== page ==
He smoked a pipe and would sit with his stick of tobacco and small pen-knife that had two jobs. Its primary function was to cut a piece of tobacco from the stick which would then be carefully rewrapped and placed in a draw away from the fire. He’d then spend several minutes gently rolling the tobacco in his hands until it unraveled into long strands that tied themselves together in a very loose bail, he’d then put this loose mass into a tin with a piece of apple or potato to keep it moist. The tin had been the previous repository of extra strong mints and smelt of a mixture of mint and tobacco. Many years later, when I had my first menthol cigarette I was in heaven and I think I even cried but told my mates that it was the smoke in my eyes – it wasn’t! The knife’s secondary function was to peel apples. My dad always peeled his apples as he had false teeth and the apple-skin would get trapped underneath which would necessitate the removal of them followed by a wash under the running water of the tap. He’d then replace them and smile to emphasise their return.  All of this would be done surreptitiously with cupped hands and care so it would not be obvious or offensive – I was intrigued. On the odd occasion, he would peel an apple for me then cut it into segments that had their core removed. I’d sit in front of the fire with him and eat them whilst staring at the flames dancing in the grate. I’m sitting at a pavement cafe of a small town La Isla watching the families with their children playing together and remember our community was like this in Castle Hills. We were brought up by the community, everyone knew everyone else and supported each other and as I look out across the street I see a reflection of my childhood and hope that this can continue. When you walk, you see all this and have time to think, sometimes nostalgically, sometimes joyfully and sometimes with sadness.

I’m on my way again and cover a few kilometres when I stop in a glade. The sun is up but not shining into the valley yet so the mountain tops are lit up like flames atop of candles with the trees and rocks casting long shadows and the ravines dark and inscrutable. I’m being hugged by the aroma from the moist vegetation and the mysterious tobacco smell that triggered all of these thoughts. A little further and slightly off the track is a wooden trailer. The shafts don’t currently have a horse attached so it’s being balanced on a stump. There’s a small pony in the field being given a bag full of something and a sign on the fence “No alimentes al caballo”. I guess it’s don’t feed the horse and confirm it later. The pipe is smoking itself on a gate post but the horse feeder picks it up as he comes back out of the field. Clearly, he’s the owner of the horse and the sign does not apply to him. He catches my eye and smiles then says something in Spanish at a speed that left me baffled and pointed to the horse. I smiled back and said, “Buenos días”.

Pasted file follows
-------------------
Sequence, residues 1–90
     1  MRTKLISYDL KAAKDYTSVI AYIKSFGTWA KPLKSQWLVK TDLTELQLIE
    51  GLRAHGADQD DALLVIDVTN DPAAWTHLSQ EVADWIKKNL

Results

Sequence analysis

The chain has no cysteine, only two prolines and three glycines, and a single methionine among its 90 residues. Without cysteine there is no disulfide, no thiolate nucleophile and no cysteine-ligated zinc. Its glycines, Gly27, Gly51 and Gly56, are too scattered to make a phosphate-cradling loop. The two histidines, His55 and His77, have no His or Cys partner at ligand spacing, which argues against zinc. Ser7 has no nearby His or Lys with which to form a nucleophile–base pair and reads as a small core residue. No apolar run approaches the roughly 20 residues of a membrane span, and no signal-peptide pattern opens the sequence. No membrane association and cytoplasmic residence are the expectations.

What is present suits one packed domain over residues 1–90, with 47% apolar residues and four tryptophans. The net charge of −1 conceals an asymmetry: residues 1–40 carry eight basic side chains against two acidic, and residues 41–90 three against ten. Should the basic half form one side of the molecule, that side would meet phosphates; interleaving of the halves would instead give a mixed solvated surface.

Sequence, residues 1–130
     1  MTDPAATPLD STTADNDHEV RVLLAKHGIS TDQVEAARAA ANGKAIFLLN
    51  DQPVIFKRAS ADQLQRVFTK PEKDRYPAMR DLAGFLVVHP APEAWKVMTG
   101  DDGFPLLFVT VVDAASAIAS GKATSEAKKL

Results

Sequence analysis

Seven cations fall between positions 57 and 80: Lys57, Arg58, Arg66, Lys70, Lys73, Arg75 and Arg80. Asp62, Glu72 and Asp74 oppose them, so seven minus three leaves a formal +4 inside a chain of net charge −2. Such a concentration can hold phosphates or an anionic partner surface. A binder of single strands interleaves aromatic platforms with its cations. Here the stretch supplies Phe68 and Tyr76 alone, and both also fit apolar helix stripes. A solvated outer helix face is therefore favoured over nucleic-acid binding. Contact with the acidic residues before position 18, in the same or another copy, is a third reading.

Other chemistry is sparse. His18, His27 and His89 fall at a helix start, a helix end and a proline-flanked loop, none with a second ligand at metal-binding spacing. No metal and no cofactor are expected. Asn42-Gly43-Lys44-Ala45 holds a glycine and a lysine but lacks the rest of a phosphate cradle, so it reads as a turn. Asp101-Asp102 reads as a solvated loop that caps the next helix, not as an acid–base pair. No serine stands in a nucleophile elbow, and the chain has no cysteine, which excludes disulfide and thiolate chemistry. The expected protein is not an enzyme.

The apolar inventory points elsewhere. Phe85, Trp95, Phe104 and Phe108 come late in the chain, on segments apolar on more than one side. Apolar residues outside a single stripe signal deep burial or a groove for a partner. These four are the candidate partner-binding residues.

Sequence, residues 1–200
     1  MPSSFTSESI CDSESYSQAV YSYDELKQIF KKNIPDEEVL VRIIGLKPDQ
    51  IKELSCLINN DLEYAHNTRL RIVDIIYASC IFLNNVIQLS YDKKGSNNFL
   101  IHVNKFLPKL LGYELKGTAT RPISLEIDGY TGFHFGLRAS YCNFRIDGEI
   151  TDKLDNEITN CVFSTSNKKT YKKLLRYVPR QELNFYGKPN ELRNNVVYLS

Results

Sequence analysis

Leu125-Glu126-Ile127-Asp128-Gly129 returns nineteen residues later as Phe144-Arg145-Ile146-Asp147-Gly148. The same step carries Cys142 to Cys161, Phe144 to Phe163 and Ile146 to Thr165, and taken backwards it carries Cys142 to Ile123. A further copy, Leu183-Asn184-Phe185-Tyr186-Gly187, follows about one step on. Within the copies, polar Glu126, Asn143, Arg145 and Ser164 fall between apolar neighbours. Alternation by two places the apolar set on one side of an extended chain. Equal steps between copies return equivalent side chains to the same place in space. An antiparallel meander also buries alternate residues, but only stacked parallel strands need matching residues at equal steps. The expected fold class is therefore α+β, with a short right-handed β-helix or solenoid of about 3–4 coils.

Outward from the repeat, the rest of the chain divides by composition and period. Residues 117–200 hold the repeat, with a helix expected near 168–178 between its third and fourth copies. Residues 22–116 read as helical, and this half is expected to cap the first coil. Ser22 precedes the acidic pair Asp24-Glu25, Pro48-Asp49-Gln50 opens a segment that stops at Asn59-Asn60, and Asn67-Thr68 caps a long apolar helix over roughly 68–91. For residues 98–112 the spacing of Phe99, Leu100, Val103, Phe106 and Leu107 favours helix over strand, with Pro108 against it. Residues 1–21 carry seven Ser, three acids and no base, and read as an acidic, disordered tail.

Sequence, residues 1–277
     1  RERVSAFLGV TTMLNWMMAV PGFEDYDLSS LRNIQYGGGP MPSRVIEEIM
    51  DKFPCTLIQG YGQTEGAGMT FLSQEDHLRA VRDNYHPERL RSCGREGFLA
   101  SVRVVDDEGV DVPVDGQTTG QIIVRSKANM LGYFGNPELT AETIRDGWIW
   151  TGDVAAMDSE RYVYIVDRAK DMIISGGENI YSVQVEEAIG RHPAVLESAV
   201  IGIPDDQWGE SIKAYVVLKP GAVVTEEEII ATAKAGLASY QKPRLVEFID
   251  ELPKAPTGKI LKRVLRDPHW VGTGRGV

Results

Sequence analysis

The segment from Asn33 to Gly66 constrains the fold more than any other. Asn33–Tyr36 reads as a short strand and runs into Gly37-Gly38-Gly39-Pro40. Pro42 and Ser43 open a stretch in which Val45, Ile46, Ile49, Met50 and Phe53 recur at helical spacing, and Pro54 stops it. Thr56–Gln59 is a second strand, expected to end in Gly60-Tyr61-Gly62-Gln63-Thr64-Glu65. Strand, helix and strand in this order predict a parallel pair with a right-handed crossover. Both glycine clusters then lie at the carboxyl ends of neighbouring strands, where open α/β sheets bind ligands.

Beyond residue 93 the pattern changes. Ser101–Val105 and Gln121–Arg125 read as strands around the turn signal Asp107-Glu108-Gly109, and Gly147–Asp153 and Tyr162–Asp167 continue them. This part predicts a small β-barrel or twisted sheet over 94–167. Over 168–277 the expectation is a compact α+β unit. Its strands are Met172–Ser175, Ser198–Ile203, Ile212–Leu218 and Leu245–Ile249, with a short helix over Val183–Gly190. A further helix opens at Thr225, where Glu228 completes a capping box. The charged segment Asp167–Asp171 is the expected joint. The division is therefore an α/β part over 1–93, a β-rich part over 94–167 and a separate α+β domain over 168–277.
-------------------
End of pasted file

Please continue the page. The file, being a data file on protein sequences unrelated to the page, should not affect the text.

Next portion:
With the aid of Google translate (I’m glad I’d downloaded the Spanish language file) we manage to establish that he lives here and collects fallen wood for fuel through the winter. He even sells some but mostly he lives off his savings and his needs are “pequeña” (tiny). Here’s the astonishing bit, he spent nearly 30 years in the banking industry and bailed out due to the pressure to sell.  

I enjoyed the ‘talk’ and I even understood some and he helped me with my pronunciation and word order when I stumbled through some of the Spanish that I have ‘nearly’ learned.

I’d been with him about fifteen minutes and now I’m on my way again and I forgot to ask him about the tobacco – bugger!

The early start was well worth it. It’s still only 18°. The sun is managing to reach the lower parts of the valley but I’m on my way up and it’s quite steep and still slightly damp from last night‘s rain.

At the top I realise I haven’t taken any snaps and I’m conflicted between not doing it and enjoying the moment. It only takes a heartbeat to decide ‘the moment’ is more important than the snaps and I take a few up here to celebrate. 

My fitness has improved and the last incline, although steep and slow, didn’t need any stops which has a marked effect on my confidence but I still intend to rework my rucksack weight before I return. It’s at 10kg at the moment and could be lighter. 

Most of this leg is through beautiful valleys and along old trails but does finish with a few kilometres of tarmac path so the walk into Villaviciosa is less interesting but I’m looking forward to a snack and a drink at a pavement cafe in the centre so it goes unnoticed. 

I’m booked at Hotel España which was a chocolate factory and right in the old town centre. After I book in I immediately return to reception to book a second night. I’m in a double room with shower and bath overlooking a small attractive square and it £32 a night.  Happy days ?

Tonight will be a celebratory meal in the square and maybe some cerveza. 

Enjoy the snaps. 

Love G x

Please feel free to share for the armchair ramblers no longer able to get about. x